Four years ago I was a high school senior applying early decision to Bryn Mawr College. I remember the first time I stepped foot on campus, I attended an information session followed by a tour. By the end of the day, I thought to myself “I think I found the place to be.” Today I couldn’t be more grateful to be at Bryn Mawr. Here are the reasons why.
- The Location
Growing up just outside Boston, I knew I wanted to be close to a large city. I’m so used to going to shopping malls, eating in restaurants and seeing the many places a city has to offer. Bryn Mawr is located about 15 miles away from Philadelphia, which is the largest city in Pennsylvania. I can take the SEPTA into the city. Though it’s a little far, I think it’s nice to have that option if I was in the mood for a city day. I have gone into Philadelphia to get a cheesesteak, buy clothes at the Shops for Liberty Place, visit the Philadelphia Museum of Art and more.
- The Wide Array of Academic Opportunities Both On and Off-Campus
Bryn Mawr has countless enriching academic opportunities and provides outside-the-classroom experiences. When I heard about the 360 program, I was easily drawn to it. This interdisciplinary program allows students to take two or three courses centered around an idea and have an outside of classroom experience. For example, a cluster on Climate Change has classes in Global Politics, Mathematics and Sustainability and Technology. Students learn about this major issue from three different perspectives and they get to travel to Freiburg in Germany to examine the environment. I may not have gotten the chance to be able to do a 360 but I’m grateful for the many other opportunities Bryn Mawr has to offer.
Bryn Mawr has a very close partnership with Haverford College, which is only ten minutes away by the Blue Bus. This partnership is known as the Bi College Consortium or colloquially “the Bi-Co.” Students from Bryn Mawr and Haverford can go on each other’s campuses to take classes, major there, eat in the dining halls, study in the libraries, go to club events and go to parties. There are even a few students who live on each other’s campuses. Students also have the opportunity to take classes at Swarthmore College and the University of Pennsylvania. Being in a consortium is a great way to have as many opportunities a large university would offer while not giving up the personal attention from a small college. Taking classes at Haverford has given me a change of pace from spending time on a small campus 24/7 and I hope to branch out to Swat or Penn for my last semester as an undergraduate student.
- The Honor Code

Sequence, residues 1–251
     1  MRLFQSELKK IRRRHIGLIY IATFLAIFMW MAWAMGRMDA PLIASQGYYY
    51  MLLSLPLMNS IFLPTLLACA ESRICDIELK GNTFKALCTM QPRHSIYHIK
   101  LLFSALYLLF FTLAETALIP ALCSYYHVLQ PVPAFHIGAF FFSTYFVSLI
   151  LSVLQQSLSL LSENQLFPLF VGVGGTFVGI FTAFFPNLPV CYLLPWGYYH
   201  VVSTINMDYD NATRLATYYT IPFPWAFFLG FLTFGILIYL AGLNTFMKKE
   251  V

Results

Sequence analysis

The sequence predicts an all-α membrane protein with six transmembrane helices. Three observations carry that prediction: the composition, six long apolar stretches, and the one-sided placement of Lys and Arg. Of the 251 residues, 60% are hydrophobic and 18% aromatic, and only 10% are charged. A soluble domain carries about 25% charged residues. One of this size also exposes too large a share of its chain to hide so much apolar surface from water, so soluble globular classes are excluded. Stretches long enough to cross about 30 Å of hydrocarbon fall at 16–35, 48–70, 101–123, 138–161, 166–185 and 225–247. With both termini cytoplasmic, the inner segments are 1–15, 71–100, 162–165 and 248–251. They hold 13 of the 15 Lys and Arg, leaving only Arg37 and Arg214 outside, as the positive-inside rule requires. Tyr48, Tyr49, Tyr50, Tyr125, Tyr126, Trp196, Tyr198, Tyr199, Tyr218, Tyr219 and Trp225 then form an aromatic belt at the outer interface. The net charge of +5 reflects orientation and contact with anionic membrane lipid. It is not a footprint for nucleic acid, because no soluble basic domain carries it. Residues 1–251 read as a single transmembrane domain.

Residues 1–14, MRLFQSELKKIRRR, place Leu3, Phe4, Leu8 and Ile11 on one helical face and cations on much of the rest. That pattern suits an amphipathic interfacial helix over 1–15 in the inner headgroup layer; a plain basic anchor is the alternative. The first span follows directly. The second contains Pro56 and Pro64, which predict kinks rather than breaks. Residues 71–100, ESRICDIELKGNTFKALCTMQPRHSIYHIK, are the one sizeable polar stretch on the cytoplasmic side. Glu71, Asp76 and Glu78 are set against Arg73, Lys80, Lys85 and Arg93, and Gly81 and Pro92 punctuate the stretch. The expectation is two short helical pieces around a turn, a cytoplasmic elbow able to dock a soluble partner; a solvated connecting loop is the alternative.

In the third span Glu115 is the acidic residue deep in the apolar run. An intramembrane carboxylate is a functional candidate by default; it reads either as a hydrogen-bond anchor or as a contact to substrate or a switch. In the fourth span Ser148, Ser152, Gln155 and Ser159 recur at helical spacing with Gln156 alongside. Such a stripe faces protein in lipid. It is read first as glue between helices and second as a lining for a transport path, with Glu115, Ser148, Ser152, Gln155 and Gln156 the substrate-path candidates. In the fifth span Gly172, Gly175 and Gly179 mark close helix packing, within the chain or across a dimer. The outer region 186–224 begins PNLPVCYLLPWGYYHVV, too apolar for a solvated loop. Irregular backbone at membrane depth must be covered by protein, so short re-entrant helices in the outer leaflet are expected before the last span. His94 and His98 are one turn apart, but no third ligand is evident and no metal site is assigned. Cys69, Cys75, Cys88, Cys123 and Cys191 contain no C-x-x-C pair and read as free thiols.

Bryn Mawr has an Honor Code that influences the campus both academically and socially in numerous ways. Exams are never proctored and are often self-scheduled. When I visited a dorm, I saw students leave their belongings outside their dorm rooms and their toiletries inside the bathroom. Are there RAs at Bryn Mawr? Never heard of them! There are HAs, who don’t try to punish students but rather act as a resource, community-builder and conflict mediator. There’s a high sense of trust between students and faculty members and I knew I wanted that. I really like having the autonomy to choose when to take my exams if they’re self-scheduled, and I like feeling trusted.
- The Traditions
When I first heard of the traditions, I wanted to be a part of them. Parade Night, Lantern Night, Hell Week and May Day: they’re all centered around welcoming the first years and building community. I wanted to get my very own light blue lantern and eat strawberries and cream for breakfast and then dance to Dar Williams’ “As Cool As I Am” while wearing a white dress and a flower crown on my head. I proudly carry my lantern in my dorm. May Day always gives me something to look forward to as it begins with getting May Day Gifts delivered to my dorm and it’s celebrated all day long on the Sunday following the last day of Spring classes.
Most importantly, empowerment is everywhere. Math and biology, which are traditionally catered to cis men, are some of the most popular majors here. Unfortunately, even today, there’s still so much implicit bias in STEM classes where men tend to go ahead while women often lose out. Many students do research for professors. I remember at the information session listening to one of the admissions counselors speak who graduated only a few months ago. I’ve been empowered in so many ways big and small: having the autonomy to pursue my own academic and extracurricular interests, joining a club before I even began my freshman year or providing insight on how to support the special needs community. Whether I am a part of the Student Advisory Committee or interning at the Boston Medical Center, participating in a bootcamp at the Harvard Business School (which has made me potentially interested in getting an MBA in the near future), having the once-in-a-lifetime opportunity to study abroad for a semester at the University of Sussex in England, getting selected to be a part of the Seniors for the Bryn Mawr Fund Committee to raise money for the Senior Gift or getting words of encouragement from my classmates, professors and other staff members whenever I needed it, I know I made the right choice in choosing Bryn Mawr.
As a current senior, when I look back on my last three years and look forward to the rest of the year, I think about how grateful I am to have made the decision to come to Bryn Mawr for my college career. To anyone reading this, I hope that wherever your life takes you, you’ll find a sense of fulfillment in whatever opportunities come your way.